Jeremy Allaire on the Death of Mozilla

Saturday July 31st, 1999

Tony Gorman has news of some interesting statements from Allaire Corporation's Jeremy Allaire. Tony writes:

"Jeremy Allaire of ColdFusion fame has gone on record saying that ColdFusion no longer supports the Netscape browser. In this month's issue of the UK Internet magazine 'Webspace', JA states that 'Netscape is dead and so is the Mozilla project'. Tough words for fans of the Netscape browser. He goes on to argue that widespread of DHTML has been held back by Netscape's idiosyncratic implementation and only Microsoft offers a useful platform...

I would love to write this guy off... but Allaire isn't exactly a no hope company. Should his words be left to stand? I hope not."

Webspace apparently doesn't have a website, so I can't confirm this. However, if it is true, Jeremy's statements show an appalling lack of understanding of the status of DHTML at this point in time. IE's DHTML isn't standards compliant (neither is Communicator 4.6's DHTML) and thus any judgement regarding it must be tempered by the fact that much of the "usefulness" is probably derived from MS proprietary extensions that no other browser maker should feel obligated to duplicate. Maybe some of you more knowledgable people out there could give some background on how IE's current DOM implementation is lacking in terms of standards compliance.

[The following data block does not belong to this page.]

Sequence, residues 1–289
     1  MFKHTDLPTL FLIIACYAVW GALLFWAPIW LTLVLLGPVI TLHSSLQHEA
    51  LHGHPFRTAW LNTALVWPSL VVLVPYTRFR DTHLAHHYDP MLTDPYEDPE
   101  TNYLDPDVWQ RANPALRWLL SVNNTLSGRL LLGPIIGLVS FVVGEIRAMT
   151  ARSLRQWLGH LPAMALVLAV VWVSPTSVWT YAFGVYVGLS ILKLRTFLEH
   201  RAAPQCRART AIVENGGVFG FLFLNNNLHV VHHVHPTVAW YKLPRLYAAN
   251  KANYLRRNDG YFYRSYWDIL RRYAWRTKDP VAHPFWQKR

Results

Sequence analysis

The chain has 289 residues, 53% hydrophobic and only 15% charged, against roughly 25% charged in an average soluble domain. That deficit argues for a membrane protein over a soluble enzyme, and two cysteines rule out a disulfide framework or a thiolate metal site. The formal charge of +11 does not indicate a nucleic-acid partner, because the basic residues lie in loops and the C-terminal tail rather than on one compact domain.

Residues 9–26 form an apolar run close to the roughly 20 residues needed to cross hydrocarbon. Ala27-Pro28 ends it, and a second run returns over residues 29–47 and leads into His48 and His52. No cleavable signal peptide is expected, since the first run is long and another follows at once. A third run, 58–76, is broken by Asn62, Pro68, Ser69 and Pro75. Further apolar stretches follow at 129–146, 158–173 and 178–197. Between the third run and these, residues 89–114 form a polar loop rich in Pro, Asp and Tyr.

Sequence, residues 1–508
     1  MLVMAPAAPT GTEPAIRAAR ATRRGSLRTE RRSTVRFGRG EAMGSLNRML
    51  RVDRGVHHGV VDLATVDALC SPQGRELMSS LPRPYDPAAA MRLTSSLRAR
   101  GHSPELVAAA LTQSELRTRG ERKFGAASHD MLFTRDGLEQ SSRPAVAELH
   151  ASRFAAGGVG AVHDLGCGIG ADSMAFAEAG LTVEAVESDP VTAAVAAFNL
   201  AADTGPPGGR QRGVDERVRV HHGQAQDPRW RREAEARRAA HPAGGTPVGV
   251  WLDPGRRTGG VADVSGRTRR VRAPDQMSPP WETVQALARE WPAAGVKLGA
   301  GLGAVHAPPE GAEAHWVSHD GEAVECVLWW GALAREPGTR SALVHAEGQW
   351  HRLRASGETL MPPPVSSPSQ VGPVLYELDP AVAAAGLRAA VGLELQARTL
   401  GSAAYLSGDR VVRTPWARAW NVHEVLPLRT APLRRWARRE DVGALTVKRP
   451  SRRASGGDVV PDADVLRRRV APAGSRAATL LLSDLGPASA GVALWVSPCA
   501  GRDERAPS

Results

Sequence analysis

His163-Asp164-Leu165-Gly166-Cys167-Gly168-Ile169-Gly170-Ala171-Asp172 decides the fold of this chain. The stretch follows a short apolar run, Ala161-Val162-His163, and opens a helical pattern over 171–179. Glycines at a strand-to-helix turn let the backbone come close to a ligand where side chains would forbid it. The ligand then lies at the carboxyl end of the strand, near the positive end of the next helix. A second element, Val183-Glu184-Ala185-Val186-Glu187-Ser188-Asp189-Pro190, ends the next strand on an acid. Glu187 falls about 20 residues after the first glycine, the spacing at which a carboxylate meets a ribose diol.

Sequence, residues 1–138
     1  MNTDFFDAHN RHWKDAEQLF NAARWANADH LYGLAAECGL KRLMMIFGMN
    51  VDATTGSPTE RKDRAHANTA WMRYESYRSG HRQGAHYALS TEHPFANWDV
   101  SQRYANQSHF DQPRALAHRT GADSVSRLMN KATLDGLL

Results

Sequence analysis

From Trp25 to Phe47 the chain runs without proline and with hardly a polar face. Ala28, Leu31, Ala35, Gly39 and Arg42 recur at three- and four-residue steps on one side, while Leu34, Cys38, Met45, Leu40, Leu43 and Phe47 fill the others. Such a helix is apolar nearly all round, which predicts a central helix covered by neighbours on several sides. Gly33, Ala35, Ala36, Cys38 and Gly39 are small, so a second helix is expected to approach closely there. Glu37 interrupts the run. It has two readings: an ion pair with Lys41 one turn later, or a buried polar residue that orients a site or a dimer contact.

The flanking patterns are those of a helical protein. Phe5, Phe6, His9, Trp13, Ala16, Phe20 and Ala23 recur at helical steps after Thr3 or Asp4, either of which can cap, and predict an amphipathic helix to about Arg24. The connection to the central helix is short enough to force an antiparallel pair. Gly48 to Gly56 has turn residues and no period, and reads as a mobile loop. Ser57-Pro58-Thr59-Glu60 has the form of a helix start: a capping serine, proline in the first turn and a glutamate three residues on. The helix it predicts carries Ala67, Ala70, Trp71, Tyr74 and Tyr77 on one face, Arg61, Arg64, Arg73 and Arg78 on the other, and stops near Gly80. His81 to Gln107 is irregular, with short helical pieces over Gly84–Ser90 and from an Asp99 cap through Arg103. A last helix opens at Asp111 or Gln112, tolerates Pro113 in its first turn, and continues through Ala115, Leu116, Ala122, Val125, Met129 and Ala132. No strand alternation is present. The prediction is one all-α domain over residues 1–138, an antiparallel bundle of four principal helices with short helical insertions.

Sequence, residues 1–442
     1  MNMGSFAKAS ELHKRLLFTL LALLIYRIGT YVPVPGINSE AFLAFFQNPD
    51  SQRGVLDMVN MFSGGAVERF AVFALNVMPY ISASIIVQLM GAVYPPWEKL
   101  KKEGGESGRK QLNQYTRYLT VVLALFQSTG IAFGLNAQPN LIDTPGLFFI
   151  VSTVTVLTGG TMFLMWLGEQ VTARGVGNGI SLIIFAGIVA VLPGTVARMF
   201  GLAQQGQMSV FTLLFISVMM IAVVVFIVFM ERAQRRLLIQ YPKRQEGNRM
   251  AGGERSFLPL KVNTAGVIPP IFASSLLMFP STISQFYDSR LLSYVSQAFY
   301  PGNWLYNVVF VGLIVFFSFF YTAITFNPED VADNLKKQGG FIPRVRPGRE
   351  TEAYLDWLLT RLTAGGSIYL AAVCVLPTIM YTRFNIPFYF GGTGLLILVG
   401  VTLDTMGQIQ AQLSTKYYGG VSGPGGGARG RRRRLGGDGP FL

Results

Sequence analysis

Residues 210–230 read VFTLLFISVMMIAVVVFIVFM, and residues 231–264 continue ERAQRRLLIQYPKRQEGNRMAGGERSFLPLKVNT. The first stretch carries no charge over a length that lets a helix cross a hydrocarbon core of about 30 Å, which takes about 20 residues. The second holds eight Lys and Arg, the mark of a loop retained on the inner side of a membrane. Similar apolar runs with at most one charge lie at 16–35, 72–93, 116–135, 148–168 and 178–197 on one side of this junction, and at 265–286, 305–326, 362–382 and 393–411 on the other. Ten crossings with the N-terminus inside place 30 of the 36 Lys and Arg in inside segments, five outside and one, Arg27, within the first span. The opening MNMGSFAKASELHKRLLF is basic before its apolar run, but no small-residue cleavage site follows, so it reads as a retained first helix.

UPDATE:Jeremy Allaire has a response in our forums, so be sure to check it out. Thanks Jeremy!

#44 DHTML does not exist in mozilla currently

by Anon

Wednesday August 4th, 1999 11:33 AM

You are replying to this message

There is no such thing as DHTML support in Mozilla. Why? Because you _cannot_ access the widht,height,position, etc CSS properties of elements _unless_ you specify them yourself. THat is, you cannot say:

<div id="mydiv" style="position: relative" onclick="dump(">code</div>

This is terrible in my opinion, and many other people's, including Brendan Eich according to some posts I've seen of his criticizing the W3's oversimplified DOM. Until the DOM, or some actual "DHTML" standard that builds upon the DOM is made, it doesn't appear that DHTML will exist in Mozilla.

I don't know how it is in IE5, but I'd bet they "embraced and extended" the w3 dom and made it work their own way...anyone know?